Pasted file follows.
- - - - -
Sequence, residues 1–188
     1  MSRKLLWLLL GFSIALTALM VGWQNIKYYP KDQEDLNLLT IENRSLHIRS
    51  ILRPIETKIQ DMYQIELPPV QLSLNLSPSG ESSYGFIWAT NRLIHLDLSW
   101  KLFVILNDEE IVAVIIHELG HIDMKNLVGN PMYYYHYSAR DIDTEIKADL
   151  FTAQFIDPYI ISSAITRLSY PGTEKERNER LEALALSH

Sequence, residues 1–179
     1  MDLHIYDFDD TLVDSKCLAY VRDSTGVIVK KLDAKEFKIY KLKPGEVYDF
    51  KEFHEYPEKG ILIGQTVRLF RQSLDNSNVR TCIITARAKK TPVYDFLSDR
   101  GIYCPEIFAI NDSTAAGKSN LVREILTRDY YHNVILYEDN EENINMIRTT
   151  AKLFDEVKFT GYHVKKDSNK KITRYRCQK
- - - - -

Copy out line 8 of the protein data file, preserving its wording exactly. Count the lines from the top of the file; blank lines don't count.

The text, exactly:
    51  KEFHEYPEKG ILIGQTVRLF RQSLDNSNVR TCIITARAKK TPVYDFLSDR